A further modification of the coating by incorporation of plasticizers or softeners is also of value. Almost any of the usual softening agents for resinous compositions may be used for this purpose, high boiling esters, e. g. phthalic esters such as diethyl phthalate, phthalides, esters of keto aromatic acids and the like being particularly useful. A special method for the preparation of such soft coatings may also be used for purposes of the present invention, this method consisting of the incorporation of wax, stearin, paraffin, tallow, mixtures of these or other candle material into the resin in order to produce a coating material having sufficient hardness to serve its purpose but which also resembles the material of the candle itself.

The present invention is also of advantage in the preparation of colored candles such as those used for ornamental purposes. mentioned resins have distinctive colors and many of them are well adapted for the incorporation of dyes such as perylene dicarboxylic acid diimides, anthracene colors such as alizarin, azo colors, benzanthrone colors, etc.. as well as other coloring. material, either within the resins themselves or in the plasticizers with which they are associated. For example, the phthalides which may be used in the preparation of polyhydric alcohol-polybasic acid resins or which may be asso ciated with them as plasticizers are solvents for many dyes such as alizarin, dibenzanthrone, etc. and thus permit the application of colors in a neutral medium. Many of thematerials used in the preparation of the candle itself, for example, stearin, have a decided bleaching action on the dyes commonly used and tend to fade colors dissolved in them and consequently the use of colored coatings represents a decided advantage in the preparation of such candles.

As has been stated, the resinous coating may be applied by dipping the finished candles into suitable solutions of the prepared resin or into the resins themselves'in molten state, or a solution of the resin in such solvents as acetone, toluol, high or low boiling esters, e..g. amyl or butyl acetate, ethyl acetate, etc. may be sprayed over the surface of the finished candle.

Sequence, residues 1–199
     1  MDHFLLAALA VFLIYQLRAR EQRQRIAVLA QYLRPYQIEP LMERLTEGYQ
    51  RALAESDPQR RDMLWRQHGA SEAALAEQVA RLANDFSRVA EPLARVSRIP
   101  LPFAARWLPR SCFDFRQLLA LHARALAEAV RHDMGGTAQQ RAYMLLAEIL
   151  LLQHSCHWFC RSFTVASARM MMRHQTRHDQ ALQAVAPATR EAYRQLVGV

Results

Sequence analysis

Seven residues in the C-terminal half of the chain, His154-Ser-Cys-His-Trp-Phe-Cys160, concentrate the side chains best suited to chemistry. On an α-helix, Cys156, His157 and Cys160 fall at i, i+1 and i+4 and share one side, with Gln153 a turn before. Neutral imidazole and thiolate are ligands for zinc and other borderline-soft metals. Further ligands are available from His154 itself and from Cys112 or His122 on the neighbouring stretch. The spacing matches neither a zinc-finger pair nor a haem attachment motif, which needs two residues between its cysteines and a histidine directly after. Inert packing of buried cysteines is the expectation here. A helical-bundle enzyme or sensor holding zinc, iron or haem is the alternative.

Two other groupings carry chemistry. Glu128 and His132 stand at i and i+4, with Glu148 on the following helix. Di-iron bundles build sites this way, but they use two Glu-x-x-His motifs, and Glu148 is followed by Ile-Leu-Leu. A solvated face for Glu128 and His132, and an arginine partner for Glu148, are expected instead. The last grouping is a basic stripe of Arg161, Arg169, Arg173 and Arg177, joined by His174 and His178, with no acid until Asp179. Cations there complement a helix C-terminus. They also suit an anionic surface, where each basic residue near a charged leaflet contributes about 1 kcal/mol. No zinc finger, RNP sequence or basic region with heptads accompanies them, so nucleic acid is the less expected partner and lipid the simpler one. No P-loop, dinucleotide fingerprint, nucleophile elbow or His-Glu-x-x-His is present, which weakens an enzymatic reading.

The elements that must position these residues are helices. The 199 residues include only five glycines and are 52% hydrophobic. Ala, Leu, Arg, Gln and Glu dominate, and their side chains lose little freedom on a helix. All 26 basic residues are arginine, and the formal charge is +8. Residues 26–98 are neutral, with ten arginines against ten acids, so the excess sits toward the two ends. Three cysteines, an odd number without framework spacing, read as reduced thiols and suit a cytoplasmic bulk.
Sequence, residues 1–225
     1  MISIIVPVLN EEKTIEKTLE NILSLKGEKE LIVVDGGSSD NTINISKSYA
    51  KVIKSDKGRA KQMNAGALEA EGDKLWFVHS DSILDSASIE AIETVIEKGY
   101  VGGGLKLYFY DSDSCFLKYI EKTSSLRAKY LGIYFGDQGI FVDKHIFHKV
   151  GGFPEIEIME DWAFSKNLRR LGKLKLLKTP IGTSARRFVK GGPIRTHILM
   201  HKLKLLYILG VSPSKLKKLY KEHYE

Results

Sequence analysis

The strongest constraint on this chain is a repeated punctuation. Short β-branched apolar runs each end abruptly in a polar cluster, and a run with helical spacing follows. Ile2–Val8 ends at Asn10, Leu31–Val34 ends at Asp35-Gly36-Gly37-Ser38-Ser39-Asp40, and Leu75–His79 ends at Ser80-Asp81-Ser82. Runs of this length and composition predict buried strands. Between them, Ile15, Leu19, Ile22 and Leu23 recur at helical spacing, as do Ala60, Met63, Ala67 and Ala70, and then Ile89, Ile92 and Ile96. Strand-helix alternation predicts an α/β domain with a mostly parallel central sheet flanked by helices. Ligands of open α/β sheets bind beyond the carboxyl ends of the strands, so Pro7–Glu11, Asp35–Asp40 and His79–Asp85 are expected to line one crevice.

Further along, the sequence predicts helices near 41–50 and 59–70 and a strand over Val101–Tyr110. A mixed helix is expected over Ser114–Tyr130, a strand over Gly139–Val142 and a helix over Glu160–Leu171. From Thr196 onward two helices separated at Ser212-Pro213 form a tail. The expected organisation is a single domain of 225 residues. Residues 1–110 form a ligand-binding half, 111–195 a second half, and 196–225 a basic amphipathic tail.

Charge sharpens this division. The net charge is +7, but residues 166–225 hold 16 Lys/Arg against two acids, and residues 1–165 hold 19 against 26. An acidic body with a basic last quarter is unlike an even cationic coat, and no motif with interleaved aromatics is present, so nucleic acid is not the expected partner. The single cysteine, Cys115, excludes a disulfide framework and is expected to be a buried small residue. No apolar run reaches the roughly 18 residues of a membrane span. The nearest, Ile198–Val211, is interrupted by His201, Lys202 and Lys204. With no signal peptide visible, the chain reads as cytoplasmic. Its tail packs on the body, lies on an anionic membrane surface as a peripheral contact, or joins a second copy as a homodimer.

The invention is not limited to the use of any definite resin or mixture of resins, since it will be apparent that the type and melting point of the coating will be to a certain extent dependent upon the size of the candle and upon the material from which it is made. For the cheaper and smaller candles, in which the coating will be comparatively close to the candle flame, cheaper resins of comparatively high melting points may be used while with the larger candles a resin of lower melting point and more closely regulated properties will preferably be employed. Inall cases, however, the present invention will provide a candle having much better burning qualities since there is no tendency for the molten candle material to escape down the sides of the candle and a larger pool of melted material will be maintained at the base of the wick. The invention will be further illustrated by the following examples which are for illustrative purposes only and to which it is not limited.

Example 1 .dles have a hard, glistening surface and do not feel greasy under the fingers. They burn easily and without drip, and show no tendency to stick together when packed together in a warm place.

The proportion of phthalide to phthalic anhydride may be variedin order to vary the hard Many of the above nessof the resinous coating. Thus, for example, a slightly softer resin is produced by using 60.5. parts of phthalide and 191 parts phthalic anhydride in the above preparation, and still greater plasticity is obtained by using 32 parts phthalide, 30 180 parts phthalic anhydride to 92 parts glycerin. Corresponding amounts of other modifying agents may also be used, such as benzoic acid, cottonseed oil and other fat acids, etc. By this means, resinous coatings of any desired degree of hardness may be obtained.

Example 2 A mixture of 90 parts by weight of glycerin, 195 parts phthalic anhydride and 18-24 parts rosin are heated to 170-185 C. until reaction ceases and a clear product is obtained. The resin so obtained is dissolved in acetone, amyl acetate or an alcohol and -75 parts nitrocellulose, cellulose acetate or cellulose ether are stirred in. The solution is thinned to the proper consistency, preferably using benzol, toluol or other cheap solvent, and is applied to wax or stearin candles by dipping, spraying or other coating methods. The coating, after drying in air, is hard and brilliant and produces a candle having a good appearance and excellent burning qualities.-

The coating composition may be further plasticized by the addition of suitable amounts of high boiling esters, such as diethyl or dibutyl phthalate, or phthalide, substituted phthalides or bydrogenated phthalides maybe used. .Esters of keto aromatic acids, such as the methyl, ethyl or propyl esters of benzoyl benzoic or naphthoyl benzoic acid may also be used as plasticizers. 110